It was an incredibly special moment for that confluence of different things.

The association I had with the building, the feeling that an absolutely enormous milestone in my political journey had been passed.

Then Winnie Ewing said a few words, paying tribute to all the people from different political backgrounds, and she wove them all together and said: “The Scottish Parliament, which adjourned on March 25, 1707, is hereby reconvened”.

It was an incredibly moving moment, for it to be associated with Winnie Ewing, who was indisputably the individual that started off the journey in 1967.

Margaret Smith

MSP for Edinburgh West, she lost her seat in 2011. Currently director of Caledonia Public Affairs

Like lots of us, I remember thinking when I was walking forward to take the oath: “Please don’t let me trip”.

Then when I was involved in the election of the first presiding officer in 300 years: “Please don’t let me do anything wrong”.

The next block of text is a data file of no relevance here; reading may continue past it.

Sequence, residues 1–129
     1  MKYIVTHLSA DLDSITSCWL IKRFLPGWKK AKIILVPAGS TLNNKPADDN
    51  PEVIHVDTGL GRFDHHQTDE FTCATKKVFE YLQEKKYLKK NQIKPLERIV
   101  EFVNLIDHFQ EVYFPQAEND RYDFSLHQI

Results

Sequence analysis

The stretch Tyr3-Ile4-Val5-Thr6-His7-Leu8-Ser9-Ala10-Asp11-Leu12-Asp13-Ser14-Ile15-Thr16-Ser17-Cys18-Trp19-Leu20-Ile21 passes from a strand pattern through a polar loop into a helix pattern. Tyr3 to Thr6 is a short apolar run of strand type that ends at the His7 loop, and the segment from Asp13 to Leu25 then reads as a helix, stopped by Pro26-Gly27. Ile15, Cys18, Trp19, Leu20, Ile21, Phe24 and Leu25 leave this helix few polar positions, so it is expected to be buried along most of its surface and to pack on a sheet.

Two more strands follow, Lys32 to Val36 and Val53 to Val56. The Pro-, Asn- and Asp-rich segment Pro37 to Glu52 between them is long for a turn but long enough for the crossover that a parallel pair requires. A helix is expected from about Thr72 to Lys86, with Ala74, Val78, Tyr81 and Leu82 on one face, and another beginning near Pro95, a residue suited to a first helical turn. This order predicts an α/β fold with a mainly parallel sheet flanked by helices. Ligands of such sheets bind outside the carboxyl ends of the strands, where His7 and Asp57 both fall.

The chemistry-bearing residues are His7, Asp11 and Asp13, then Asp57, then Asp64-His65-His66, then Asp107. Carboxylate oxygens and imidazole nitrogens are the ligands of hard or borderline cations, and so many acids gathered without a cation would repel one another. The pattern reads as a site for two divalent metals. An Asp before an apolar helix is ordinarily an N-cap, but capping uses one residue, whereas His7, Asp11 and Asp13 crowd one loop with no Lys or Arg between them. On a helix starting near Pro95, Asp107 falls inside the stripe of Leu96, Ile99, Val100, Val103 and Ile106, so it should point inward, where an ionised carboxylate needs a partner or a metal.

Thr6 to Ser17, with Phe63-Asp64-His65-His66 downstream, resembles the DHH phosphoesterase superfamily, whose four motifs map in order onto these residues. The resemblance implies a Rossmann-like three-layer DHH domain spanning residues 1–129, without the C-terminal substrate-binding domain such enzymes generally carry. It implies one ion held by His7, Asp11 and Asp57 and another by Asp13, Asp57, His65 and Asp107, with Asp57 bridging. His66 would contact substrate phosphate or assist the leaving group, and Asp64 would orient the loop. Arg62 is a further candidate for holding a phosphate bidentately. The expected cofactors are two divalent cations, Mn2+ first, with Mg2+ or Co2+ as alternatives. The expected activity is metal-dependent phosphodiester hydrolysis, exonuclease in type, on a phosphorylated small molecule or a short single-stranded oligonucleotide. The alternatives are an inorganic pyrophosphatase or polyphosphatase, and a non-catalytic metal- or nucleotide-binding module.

That was effectively my first duty as an MSP. The big thoughts going through your head were a mix of the mundane and, at the same time, quite historic.

Like most politicians who have just gone through a bruising election experience, you’re quite tired. You’ve been living and breathing all of that, then coming out the end of that there was this amazing sense of actually having done something really historic.

There was a certain amount of camaraderie amongst all 129 of us, which I think to some extent still remains to this day. To some extent it defines your life.

Annabel Goldie

Served as Scottish Conservative MSP for West of Scotland until 2016 and was leader of the party between 2005 and 2011. Became a life peer in 2013